At World War Two’s end, the world was still reeling from the shock of a global conflict that resulted in the loss of millions of lives, both military and civilian. However, it was then sent into a deeper shock with the discovery of the Nazi concentration camps in Germany, Poland, and several other locations throughout Eastern Europe.
Slaughter and ill-treatment of non-combatants was always seen as a natural consequence of the social interaction we call ‘war’. Yet the Holocaust seemed to introduce something entirely new to the human psyche, or perhaps I should say the modern human psyche: the deliberate attempt to wipe out an entire group of people from the face of the earth. We now refer to this as genocide. For next fifty years after the war, there was an often repeated phrase that came to symbolize our resolve not to repeat such madness.
Even I remember hearing this many times as a child during the 1980’s. Noted Holocaust historian, Raul Hillberg, attributes the phrase’ origins to signs made by inmates at the Buchenwald concentration camp that was liberated in April 1945. What exactly it’s referencing is in debate, but nevertheless was still adopted as the popular slogan for resisting all such similar tragedies.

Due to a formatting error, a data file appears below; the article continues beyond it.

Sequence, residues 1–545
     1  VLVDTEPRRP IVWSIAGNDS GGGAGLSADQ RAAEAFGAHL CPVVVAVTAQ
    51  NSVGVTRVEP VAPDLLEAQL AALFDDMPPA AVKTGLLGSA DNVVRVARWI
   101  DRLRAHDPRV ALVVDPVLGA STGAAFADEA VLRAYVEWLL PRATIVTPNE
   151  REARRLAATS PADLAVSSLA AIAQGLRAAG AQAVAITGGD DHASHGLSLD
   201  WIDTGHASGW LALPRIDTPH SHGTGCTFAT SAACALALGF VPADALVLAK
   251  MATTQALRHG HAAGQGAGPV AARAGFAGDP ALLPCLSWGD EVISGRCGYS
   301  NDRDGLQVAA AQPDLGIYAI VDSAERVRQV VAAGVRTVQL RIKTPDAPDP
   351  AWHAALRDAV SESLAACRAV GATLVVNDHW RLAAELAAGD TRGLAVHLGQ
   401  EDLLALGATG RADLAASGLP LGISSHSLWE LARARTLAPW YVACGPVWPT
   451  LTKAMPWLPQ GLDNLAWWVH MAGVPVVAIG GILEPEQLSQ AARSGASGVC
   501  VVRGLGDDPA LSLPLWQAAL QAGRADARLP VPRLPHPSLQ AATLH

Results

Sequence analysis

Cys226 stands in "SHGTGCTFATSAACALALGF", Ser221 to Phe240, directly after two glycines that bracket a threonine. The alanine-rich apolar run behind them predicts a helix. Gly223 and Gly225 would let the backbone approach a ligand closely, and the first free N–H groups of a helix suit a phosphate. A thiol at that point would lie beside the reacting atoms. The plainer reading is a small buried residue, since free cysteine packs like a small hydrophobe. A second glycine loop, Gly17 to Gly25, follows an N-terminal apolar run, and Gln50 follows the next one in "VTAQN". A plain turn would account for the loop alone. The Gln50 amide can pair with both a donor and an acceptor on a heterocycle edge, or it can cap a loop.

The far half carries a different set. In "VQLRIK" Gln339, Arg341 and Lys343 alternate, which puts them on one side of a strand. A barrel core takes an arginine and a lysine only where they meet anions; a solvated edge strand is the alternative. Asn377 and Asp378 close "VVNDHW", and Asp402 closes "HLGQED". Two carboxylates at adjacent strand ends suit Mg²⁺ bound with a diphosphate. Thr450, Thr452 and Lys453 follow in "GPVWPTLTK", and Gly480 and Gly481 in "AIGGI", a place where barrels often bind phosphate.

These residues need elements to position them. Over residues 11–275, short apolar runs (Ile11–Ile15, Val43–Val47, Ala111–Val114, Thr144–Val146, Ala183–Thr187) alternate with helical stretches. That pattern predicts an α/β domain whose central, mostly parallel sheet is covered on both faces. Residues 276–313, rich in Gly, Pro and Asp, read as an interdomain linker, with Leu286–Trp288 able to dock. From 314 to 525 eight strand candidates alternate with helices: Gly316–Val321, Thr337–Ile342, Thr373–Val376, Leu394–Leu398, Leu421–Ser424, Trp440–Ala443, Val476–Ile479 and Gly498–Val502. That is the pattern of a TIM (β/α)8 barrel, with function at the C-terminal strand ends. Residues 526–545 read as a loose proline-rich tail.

The last fifteen years has caused this well meaning intention to become at best, questionable: Rwanda in 1994, Kosovo in 1998-99, and now the recent Syrian civil war. The resolve the world community had to prevent similar tragedies seventy -six years ago, has since greatly diminished.
What seems to have taken its place is type of grim-but-practical application, one that is more localized to our own nations or national and global interests. Rwanda had no such global importance or influence. Serbia was largely notable because it occurred within Europe itself and had been a relatively modern society until its war started.
There are those who argue that even though we may feel awful about the Syrian humanitarian crisis, that the western powers are ill-equipped to get involved because of the economic problems many of them are facing, not to mention a decade of international conflict within the region. This has been particularly applied to America.
Without judgment, one wonders if these same factors had applied seventy-two years ago, while there had been confirmed, undeniable proof that whole people groups were being industrially slaughtered, if the world would still say,